Trieste and the Meaning of Nowhere

Jan Morris

(Faber, 2002)

Recommended by Andrew Hodgson

Jan Morris’s book on Trieste is a lyrical history of the city. It is a description of Trieste and its past; it is also an attempt to work out what Trieste means to Morris, and to understand how one’s relationship with a place changes through time. It shows how to appreciate a place’s sadness, ‘the allure of lost consequence and fading power’. It’s a great book on place because it doesn’t just tell you about a place, but shows you how to enjoy it. The best place to read it is outside a bar off the Piazza Unità d’Italia, sipping a Campari and soda, gazing out into the Adriatic for a glimpse of the ghost of Browning’s Waring.

The Voices of Morebath: Reformation and Rebellion in an English Village

Eamon Duffy (New Haven, 2001)

The Voices of Morebath: Reformation & Rebellion in an English Village by Eamon DuffyRecommended by Alexandra Harris

A revelatory example of what happens when the great movements of national and international history are explored from a particular on-the-ground vantage point. Morebath is a small village on the edge of Exmoor; the priest there in the mid seventeenth century kept detailed parish records, and these form a core around which Duffy builds up a portrait of rural Catholic life and how people responded to the changes they faced. It’s a good starting point for exploring the varied field of historical writing in which skilled and painstaking archival work is made to yield precious clues about the experience of rural and working people whose lives have been otherwise forgotten.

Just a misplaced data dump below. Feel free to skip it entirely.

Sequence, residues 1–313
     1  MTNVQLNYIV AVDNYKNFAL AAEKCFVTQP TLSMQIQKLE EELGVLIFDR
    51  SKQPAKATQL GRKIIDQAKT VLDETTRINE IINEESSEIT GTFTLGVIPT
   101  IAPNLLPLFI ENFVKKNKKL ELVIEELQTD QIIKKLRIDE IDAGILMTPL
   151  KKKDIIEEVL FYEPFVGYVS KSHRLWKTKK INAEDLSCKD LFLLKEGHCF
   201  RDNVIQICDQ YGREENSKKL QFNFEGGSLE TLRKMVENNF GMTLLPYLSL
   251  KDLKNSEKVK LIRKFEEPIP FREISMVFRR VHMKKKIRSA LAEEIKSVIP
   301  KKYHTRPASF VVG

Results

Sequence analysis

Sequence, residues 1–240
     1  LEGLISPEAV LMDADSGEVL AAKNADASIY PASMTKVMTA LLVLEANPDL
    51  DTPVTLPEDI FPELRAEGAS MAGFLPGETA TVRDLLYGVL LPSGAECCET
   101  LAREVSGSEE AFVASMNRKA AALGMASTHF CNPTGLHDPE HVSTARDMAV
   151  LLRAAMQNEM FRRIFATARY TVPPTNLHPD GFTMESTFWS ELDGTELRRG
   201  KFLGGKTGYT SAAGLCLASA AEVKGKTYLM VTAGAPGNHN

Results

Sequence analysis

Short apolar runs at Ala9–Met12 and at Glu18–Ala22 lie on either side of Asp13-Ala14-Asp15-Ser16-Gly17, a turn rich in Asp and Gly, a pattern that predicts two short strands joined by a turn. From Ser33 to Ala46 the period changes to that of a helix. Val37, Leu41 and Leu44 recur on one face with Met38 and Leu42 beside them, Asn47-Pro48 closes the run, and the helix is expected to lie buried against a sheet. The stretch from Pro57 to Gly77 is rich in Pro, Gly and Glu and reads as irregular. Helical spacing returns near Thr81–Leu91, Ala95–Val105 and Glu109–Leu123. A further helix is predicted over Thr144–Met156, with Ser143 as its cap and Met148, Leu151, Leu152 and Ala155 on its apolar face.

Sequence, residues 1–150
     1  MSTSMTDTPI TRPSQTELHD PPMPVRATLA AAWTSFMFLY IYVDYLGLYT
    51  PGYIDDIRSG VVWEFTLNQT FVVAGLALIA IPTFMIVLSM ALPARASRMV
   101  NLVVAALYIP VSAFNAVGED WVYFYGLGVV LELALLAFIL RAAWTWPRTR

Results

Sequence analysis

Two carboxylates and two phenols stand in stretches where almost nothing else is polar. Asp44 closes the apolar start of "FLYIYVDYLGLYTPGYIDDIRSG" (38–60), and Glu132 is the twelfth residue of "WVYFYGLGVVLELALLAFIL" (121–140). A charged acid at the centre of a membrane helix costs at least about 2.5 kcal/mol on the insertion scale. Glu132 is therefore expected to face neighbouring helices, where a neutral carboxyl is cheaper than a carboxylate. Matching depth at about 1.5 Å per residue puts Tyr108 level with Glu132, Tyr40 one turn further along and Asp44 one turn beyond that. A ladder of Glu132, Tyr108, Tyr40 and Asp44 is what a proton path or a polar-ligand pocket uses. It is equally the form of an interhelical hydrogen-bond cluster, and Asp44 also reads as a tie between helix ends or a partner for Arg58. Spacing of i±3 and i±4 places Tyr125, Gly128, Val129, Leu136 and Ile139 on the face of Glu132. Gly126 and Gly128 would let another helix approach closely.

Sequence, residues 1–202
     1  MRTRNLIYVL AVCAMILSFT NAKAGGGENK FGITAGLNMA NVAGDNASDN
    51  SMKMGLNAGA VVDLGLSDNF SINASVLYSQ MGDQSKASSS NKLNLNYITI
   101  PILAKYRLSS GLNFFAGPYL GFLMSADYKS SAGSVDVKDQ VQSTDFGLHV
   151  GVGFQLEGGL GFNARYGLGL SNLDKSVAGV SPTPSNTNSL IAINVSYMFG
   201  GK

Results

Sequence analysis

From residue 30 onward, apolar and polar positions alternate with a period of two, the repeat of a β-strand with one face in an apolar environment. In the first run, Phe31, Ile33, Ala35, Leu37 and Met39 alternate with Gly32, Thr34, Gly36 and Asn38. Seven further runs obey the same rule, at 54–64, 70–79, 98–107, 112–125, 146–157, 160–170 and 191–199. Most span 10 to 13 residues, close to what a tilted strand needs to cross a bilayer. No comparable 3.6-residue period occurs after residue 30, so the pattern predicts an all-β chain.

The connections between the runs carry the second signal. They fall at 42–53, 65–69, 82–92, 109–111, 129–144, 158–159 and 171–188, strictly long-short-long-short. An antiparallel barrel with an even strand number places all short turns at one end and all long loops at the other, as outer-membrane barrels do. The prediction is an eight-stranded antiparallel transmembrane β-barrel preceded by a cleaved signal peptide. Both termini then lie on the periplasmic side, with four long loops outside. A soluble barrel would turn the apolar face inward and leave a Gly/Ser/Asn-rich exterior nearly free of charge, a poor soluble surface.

The History of Myddle

Richard Gough, ed. David Hey (London, 1981)

The History of Myddle by Richard GoughRecommended by Alexandra Harris

A pioneering work of local history. Richard Gough was a Shropshire yeoman who wanted to write about his parish community: its past and its present. In 1701 he published a study of the antiquities in Myddle, following more or less the newly established conventions for antiquarian place studies. But he wanted to write about more than the pedigrees of manorial lords and the relics of monastic houses, so he invented a form to suit him and embarked on his ‘Observations concerning the Seats in Myddle and the families to which they belong’. By ‘seats’ he meant pews in the church. He drew a plan of St Peter’s, labelled the pews, and wrote a portrait of each member of the congregation, seat by seat. Though he was imagining them all in church, he was writing lives that strayed far from the orderly Sunday formation, into fields and towns, into bedrooms, backrooms, affairs, and quarrels. It was a simple and evocative method of group biography; no-one seems to have used it before, or since.